Angry sow demonstrates the difficulties of tagging

By Ian Campbell, NPA regional manager

It is to the credit of Defra's working group on PRIMO review that they came out in force on Friday to consider the implications of their proposals for holding-of-birth tags to be applied to all pigs that leave their birthplace for premises other than slaughter.

NPA recognise that it is difficult for Ministers, under criticism from the EU for the handling of FMD, to avoid implementing EU legislation which the British Government has already signed up to on ID tags for holding of birth.

That recognition is, however, tempered by concern over the effect on the outdoor pig industry in particular if such a directive were enacted in the UK.

Defra's visit to Mark Hayward's Dingley Dell pig unit was an opportunity to graphically explain the problems associated with tagging pigs in an extensive system.

It had been hoped that Fred Landeg would exhibit his prowess with tagging in the farrowing paddock but the response from a distant sow when I captured the first piglet from her hut convinced Fred that this particular point had been absorbed and it was unnecessary for him to test his speed over the twenty metres to the electric fence by continuing the exercise.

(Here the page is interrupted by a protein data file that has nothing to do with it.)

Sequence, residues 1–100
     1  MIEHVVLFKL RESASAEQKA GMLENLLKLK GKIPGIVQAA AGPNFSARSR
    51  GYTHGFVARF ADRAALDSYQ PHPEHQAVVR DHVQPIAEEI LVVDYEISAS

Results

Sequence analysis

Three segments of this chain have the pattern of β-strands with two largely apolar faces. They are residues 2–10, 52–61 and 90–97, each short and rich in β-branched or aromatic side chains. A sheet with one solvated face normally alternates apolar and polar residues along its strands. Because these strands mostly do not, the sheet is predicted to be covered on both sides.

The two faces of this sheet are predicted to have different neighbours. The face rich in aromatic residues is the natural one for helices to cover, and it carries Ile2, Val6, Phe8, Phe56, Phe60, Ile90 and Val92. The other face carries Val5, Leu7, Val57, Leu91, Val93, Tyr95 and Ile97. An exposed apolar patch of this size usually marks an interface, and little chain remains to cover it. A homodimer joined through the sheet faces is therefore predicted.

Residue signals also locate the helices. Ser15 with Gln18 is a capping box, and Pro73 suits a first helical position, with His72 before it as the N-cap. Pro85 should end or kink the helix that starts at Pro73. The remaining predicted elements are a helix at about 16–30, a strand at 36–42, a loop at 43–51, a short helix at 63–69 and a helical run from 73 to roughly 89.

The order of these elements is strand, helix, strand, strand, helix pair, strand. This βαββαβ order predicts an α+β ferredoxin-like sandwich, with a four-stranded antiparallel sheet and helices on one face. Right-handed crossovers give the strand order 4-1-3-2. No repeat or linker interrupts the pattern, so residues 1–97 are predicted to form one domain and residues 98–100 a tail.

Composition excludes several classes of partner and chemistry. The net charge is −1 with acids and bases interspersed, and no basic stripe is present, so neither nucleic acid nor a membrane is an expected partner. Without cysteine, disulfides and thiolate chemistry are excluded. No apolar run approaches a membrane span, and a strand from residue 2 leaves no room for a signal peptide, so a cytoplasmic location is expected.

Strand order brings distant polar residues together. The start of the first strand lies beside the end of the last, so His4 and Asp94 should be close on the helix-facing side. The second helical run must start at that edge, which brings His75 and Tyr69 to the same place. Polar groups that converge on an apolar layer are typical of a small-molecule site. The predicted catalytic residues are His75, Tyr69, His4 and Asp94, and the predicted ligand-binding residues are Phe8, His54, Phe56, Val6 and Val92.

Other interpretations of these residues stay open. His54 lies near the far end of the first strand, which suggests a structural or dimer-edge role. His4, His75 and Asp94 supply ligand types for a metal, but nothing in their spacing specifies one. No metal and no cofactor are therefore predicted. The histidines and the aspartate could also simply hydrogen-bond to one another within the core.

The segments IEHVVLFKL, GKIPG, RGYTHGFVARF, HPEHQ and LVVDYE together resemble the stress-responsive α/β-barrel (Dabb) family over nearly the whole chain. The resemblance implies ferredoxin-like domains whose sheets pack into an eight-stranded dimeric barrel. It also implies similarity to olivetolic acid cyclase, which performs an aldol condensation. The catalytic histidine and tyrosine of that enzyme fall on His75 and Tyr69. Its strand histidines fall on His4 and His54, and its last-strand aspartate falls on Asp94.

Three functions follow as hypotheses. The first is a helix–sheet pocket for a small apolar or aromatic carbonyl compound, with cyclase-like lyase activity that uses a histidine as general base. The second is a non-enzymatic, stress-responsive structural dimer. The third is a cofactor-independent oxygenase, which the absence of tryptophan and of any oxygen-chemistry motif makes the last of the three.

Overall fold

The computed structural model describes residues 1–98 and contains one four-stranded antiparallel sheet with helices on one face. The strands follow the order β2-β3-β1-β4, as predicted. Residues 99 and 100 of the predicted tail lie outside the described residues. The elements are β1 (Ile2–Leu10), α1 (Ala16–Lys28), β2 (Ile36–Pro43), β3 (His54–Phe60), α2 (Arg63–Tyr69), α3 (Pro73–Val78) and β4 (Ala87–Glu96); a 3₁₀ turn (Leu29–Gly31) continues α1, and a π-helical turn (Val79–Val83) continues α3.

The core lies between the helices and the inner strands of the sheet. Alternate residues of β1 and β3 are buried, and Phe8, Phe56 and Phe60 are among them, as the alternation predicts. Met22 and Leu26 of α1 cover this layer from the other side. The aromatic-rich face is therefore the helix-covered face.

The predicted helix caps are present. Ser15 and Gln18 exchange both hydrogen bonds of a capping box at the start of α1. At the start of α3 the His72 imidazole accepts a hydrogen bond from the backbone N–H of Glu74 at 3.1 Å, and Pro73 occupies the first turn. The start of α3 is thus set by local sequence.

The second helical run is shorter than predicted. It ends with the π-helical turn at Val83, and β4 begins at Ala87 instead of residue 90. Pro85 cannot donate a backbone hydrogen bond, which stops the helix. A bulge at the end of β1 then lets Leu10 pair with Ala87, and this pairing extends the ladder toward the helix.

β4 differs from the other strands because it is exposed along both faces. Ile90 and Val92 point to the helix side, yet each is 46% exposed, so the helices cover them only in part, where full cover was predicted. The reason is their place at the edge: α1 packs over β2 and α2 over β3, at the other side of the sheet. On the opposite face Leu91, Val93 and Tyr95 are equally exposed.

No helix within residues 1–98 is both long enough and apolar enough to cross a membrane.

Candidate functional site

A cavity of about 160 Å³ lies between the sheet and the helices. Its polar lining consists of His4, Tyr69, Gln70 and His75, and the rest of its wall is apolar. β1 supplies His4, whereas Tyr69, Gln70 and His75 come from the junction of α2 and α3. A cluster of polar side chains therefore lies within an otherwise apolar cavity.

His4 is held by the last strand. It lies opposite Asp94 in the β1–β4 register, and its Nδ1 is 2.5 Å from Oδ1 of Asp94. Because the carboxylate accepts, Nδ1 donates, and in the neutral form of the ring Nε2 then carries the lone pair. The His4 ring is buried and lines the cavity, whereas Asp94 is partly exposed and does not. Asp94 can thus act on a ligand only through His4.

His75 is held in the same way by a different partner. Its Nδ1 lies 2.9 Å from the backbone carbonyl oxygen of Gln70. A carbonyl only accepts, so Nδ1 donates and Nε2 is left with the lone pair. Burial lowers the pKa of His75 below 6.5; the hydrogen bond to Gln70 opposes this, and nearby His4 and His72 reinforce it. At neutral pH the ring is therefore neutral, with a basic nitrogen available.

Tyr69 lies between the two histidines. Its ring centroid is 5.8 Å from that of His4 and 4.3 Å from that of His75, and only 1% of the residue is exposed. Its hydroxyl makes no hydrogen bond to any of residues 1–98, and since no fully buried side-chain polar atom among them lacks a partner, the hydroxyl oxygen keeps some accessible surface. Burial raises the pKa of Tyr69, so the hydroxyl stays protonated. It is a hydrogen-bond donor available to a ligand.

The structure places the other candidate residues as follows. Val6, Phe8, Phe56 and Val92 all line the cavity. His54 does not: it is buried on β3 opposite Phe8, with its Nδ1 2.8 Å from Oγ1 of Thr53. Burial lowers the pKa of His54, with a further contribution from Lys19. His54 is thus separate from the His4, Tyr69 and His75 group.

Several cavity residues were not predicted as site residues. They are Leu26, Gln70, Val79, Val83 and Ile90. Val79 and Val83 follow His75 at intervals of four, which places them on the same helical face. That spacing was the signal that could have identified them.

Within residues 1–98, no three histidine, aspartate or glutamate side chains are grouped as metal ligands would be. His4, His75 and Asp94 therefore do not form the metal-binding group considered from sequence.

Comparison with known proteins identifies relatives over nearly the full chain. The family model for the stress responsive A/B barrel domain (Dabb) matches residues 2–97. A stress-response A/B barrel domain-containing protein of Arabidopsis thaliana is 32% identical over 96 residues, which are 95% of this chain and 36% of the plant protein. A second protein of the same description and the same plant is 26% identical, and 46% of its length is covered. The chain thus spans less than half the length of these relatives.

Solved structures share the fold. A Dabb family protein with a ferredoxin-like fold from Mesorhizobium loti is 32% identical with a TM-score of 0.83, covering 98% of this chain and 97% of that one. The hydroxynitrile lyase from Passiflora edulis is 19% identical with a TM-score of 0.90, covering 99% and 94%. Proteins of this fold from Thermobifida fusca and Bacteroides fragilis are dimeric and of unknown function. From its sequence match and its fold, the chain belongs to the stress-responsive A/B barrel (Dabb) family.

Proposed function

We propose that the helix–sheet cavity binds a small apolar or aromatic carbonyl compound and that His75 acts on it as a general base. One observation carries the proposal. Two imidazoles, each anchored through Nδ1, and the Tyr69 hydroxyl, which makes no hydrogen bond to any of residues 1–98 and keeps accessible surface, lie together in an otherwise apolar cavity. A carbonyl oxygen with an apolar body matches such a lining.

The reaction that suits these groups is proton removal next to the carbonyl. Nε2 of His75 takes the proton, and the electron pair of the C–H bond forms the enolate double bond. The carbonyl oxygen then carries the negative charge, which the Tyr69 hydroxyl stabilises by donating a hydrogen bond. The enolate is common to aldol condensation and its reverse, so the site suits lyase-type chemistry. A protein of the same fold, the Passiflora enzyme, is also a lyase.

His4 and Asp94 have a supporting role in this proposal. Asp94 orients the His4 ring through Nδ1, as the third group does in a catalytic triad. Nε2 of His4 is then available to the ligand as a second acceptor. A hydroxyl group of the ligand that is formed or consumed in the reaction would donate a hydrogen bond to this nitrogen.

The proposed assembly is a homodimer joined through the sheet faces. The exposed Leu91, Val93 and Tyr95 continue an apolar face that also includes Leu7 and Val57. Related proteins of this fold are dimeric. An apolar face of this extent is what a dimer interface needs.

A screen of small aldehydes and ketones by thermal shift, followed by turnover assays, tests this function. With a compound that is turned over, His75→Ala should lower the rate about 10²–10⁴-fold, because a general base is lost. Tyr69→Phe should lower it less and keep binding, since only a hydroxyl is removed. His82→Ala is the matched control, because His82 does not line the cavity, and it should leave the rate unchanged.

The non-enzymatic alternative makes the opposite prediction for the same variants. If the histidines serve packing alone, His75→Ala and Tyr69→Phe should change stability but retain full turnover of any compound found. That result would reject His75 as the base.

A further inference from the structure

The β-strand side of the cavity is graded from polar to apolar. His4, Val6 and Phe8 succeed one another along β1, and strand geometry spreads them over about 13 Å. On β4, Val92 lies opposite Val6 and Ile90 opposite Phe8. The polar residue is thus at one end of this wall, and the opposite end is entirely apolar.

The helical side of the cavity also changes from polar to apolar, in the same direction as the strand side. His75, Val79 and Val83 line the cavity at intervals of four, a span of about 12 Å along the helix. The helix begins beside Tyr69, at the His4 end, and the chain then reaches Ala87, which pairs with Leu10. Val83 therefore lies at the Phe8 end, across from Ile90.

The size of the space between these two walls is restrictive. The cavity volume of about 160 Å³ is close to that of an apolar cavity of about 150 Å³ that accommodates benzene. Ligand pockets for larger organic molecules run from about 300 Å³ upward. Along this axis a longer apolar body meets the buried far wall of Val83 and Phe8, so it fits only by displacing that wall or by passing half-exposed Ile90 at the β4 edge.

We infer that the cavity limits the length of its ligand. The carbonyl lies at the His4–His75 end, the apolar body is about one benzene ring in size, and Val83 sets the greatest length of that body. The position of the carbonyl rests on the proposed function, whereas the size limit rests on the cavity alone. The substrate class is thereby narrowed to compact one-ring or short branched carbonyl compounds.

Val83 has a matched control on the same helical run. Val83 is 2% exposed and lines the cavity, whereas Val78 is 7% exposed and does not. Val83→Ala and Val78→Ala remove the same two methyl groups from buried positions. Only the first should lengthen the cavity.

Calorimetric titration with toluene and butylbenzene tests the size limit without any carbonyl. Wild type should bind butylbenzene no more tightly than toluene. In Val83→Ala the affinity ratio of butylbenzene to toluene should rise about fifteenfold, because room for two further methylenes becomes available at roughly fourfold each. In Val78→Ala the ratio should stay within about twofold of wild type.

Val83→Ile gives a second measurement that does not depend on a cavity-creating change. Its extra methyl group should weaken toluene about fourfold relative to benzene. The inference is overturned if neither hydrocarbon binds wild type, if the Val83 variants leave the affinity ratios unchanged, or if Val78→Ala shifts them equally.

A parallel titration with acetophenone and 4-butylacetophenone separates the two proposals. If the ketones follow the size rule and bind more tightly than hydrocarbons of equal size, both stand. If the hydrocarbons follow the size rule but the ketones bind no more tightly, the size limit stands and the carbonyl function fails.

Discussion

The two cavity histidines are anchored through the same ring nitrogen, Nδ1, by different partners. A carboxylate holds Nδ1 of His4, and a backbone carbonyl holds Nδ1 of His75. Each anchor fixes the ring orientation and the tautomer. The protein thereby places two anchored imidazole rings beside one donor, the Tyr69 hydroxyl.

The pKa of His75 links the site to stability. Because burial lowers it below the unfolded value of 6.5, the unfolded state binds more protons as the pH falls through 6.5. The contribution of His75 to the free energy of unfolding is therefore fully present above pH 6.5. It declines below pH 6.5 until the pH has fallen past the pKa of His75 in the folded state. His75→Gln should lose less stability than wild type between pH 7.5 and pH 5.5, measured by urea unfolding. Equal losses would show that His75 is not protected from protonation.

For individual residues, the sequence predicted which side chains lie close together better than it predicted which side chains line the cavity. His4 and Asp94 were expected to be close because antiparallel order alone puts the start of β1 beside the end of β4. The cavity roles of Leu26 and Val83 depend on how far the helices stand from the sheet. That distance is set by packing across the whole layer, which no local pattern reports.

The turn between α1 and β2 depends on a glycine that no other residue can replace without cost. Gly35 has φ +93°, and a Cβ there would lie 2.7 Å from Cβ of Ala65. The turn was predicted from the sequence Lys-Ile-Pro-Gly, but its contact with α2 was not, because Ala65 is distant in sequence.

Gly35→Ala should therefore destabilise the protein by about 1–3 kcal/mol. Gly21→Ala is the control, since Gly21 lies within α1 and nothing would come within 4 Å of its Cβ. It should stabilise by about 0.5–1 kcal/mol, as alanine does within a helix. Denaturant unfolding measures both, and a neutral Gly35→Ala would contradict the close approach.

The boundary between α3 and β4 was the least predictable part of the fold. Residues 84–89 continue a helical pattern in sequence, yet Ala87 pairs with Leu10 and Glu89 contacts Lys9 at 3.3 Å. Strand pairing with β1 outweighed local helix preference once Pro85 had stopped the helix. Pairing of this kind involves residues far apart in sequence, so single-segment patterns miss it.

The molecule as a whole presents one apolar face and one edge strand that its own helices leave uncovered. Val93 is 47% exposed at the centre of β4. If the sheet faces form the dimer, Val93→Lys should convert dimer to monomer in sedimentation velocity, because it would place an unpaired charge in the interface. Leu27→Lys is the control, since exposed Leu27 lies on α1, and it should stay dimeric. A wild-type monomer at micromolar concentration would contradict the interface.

The weather was a disappointment in that the sun shone from beginning to end but the saturated nature of the paddocks left no one in doubt as to what the weather was like the previous day.

The day was completed with a working lunch provided by BQP in which they were able to explain the changes they had enacted since CSF with regards to pig movement and biosecurity.

Of particular importance to the PRIMO team was the evidence provided on what these changes would mean to traceability in the event of a new notifiable disease outbreak in a finishing unit.

Under the old system a total of 40 potential direct contacts would need to be traced whilst in the new structure it could be limited to three as a result of closed herds and batch systems.

In attendance from Defra with Fred were Terri Gurnhill who chaired the working party and Graham Lewis from Livestock ID branch plus four other colleagues.